Patients were at risk from Jimmy Savile’s ‘open access’ to ambulance service

Notorious sex offender Jimmy Savile was allowed to attend 999 call-outs with Yorkshire ambulance crews, posing a “significant risk” to patients, a report has found.

Thursday, 26th February 2015, 3:02 pm

An independent inquiry into the disgraced former DJ’s involvement with the West Yorkshire ambulance service between 1975 and 1995 found no evidence that he abused patients.

But the report, published today, found that he had open access to ambulance stations which could have given him the opportunity to offend.

While no former patients, relatives or staff told the investigation that Savile carried out abuse, the report said: “However, his access to patients and staff was inappropriate and, with the benefit of hindsight, placed both patients and staff at risk of abuse.”

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The report is one of 16 published today into Savile’s behaviour at hospital and hospice premises, including Stoke Mandeville Hospital and Leeds General Infirmary.

The Stoke Mandeville report found that he abused 63 people connected to the hospital and his reputation as a sex pest was an open secret.

The West Yorkshire ambulance report said Savile had a keen interest in the service, and would join members of staff in the mess room at Leeds Central Ambulance Station.

Witnesses told the inquiry he behaved differently around female staff members.

One said: “He told dirty stories with the men around, blue jokes, that kind of thing.”

Another said: “He would latch on to the ladies... stroking their hands.”

One witness recalled going to Savile’s flat, where he showed them pictures of young woman in her underwear and asked now old they thought she was.

Savile would turn up at the ambulance station in sports cars or a mini-van with sliding doors and a TV inside.

He sometimes turned up with a white-haired friend. The report said: “When Savile was brought to the station with this other person, no one could be sure what this other person was doing when Savile went out observing on ambulances.”

Savile went on emergency and non-emergency call-outs with crews, arranged with a former paramedic friend, now deceased, who previously worked with Savile as a miner.

No witnesses said they had concerns of sexual abuse or harassment by Savile.

The report said: “Although the risk of Savile being left alone with any patient at any point cannot be ruled out, witnesses consistently reported that Savile was not afforded any opportunity to be alone with any patients.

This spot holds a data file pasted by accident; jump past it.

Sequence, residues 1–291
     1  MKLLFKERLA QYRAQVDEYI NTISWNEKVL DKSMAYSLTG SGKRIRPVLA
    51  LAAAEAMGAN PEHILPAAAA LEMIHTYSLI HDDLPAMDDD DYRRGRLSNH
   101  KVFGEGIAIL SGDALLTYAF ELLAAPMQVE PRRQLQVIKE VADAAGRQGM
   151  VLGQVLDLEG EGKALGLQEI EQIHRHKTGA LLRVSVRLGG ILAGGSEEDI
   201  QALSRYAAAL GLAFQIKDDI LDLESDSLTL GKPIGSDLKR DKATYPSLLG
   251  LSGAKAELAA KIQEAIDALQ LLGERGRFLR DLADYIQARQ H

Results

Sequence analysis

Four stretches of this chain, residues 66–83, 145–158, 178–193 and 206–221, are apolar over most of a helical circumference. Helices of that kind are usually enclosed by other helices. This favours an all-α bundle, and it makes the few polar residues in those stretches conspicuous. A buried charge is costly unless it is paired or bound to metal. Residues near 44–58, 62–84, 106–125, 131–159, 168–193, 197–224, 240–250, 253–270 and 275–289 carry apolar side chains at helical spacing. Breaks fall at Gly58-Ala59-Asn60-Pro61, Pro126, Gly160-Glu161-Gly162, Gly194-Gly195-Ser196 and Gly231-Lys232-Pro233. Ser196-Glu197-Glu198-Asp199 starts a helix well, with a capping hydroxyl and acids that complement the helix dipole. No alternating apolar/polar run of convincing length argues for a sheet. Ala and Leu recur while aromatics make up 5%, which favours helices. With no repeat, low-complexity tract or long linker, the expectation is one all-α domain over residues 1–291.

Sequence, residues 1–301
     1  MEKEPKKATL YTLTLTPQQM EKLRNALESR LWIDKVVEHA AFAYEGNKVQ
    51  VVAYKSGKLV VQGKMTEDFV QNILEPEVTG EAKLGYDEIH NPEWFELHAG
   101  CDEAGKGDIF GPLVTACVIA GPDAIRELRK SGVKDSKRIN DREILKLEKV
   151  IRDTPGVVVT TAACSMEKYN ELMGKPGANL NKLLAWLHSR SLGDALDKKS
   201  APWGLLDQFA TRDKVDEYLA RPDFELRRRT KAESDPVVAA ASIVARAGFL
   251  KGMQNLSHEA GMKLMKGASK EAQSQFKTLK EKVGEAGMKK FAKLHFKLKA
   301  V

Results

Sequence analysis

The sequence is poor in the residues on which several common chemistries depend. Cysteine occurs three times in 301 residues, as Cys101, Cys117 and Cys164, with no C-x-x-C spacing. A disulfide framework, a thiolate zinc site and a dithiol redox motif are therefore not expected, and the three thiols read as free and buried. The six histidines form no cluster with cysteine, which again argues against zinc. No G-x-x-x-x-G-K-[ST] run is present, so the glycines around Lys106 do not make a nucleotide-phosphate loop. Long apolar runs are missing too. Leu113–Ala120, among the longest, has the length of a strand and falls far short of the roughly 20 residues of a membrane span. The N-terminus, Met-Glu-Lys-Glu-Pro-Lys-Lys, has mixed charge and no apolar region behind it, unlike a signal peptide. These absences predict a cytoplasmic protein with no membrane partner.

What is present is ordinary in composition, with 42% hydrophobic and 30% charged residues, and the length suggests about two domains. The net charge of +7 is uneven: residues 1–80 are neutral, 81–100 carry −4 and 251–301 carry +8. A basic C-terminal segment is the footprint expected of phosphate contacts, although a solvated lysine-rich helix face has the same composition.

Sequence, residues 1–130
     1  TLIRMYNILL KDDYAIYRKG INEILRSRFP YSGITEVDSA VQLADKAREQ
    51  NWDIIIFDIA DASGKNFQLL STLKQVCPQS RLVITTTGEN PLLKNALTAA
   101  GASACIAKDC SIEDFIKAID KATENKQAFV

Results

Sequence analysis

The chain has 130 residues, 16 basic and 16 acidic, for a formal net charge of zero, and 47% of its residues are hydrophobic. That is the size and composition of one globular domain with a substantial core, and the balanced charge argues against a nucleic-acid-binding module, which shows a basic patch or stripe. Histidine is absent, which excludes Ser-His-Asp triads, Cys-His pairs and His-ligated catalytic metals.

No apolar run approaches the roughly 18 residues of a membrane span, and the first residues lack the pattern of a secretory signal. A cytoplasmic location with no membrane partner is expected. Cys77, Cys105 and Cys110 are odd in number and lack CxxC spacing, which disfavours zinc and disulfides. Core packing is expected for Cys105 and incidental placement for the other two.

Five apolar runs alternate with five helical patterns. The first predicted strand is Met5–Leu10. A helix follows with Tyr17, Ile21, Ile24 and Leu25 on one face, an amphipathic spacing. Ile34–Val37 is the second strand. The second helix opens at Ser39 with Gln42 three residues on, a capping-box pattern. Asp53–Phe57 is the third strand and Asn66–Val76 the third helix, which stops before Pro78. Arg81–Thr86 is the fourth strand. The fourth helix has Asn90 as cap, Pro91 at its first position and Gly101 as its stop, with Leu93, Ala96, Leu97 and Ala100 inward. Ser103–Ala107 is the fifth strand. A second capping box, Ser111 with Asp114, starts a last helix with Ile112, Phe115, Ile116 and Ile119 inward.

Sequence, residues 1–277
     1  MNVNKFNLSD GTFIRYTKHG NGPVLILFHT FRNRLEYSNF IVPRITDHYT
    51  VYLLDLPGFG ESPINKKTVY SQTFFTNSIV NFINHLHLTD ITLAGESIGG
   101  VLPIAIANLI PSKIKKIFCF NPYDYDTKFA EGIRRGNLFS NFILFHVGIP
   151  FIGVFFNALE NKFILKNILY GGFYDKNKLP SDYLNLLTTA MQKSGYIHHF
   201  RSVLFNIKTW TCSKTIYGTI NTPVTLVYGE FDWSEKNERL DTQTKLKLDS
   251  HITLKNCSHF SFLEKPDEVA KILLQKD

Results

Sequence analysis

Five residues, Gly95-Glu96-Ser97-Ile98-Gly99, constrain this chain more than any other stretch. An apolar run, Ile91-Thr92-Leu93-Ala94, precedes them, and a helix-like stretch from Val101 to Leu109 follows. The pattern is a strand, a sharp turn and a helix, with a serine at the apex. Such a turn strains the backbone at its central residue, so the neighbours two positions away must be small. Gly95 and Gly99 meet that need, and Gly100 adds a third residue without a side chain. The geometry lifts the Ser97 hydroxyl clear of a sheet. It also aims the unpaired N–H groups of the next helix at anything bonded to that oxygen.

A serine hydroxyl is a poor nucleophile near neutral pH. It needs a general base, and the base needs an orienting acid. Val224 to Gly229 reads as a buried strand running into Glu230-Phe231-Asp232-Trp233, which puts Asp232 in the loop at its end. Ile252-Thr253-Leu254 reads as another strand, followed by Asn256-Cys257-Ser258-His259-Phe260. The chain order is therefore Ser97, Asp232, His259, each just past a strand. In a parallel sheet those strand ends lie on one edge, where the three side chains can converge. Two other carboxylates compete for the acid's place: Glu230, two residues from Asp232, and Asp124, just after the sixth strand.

“We do however accept and acknowledge that, in other NHS organisations, Savile was able to abuse patients and staff, in the presence of others.

“With the benefit of hindsight, we therefore accept that Savile’s presence as an observer posed a significant risk to the safety of patients and staff.”

No witnesses could remember any checks or safeguards that were in place during Savile’s visits.

One said: “At the time, it was Jimmy Savile for God’s sake! He could walk on water at the time and nobody would question it.”

No witnesses could say who authorised Savile’s visits, but one thought it was the chief ambulance officer of West Yorkshire Metropolitan Ambulance Service between 1974 and 1986, now deceased.

In 2008, Savile attended an event at Leeds Central Ambulance Station to recognised staff members who were leaving.

A witness took his child to the event and asked for Savile for a photograph with the youngster.

But Savile vehemently refused, saying: “Because there are already some things in the press”‟ and “I’ve been accused before, it’s been in the papers.

“If anyone gets a picture of me with a child on my knee it will be in the papers and it won’t look good.”

The report said access to ambulance stations was now restricted and a swipe card system was in place.

The West Yorkshire Metropolitan Ambulance Service became part of Yorkshire Ambulance Service NHS Trust in 2006.

The trust carried out a review of current procedures as part of the inquiry.

Interim chief executive Rod Barnes said in the report: “I am confident that the Trust has completed a rigorous investigation drawing on all information available to us at this time.

“I am also assured that the governance arrangements, safeguarding practices and internal security arrangements ensure that such an association could not happen in the Yorkshire Ambulance Service today.”

After Savile’s death in October 2011, Operation Yewtree was launched by the Metropolitan Police.

It has since been established that Savile was a prolific sexual predator, paedophile and rapist.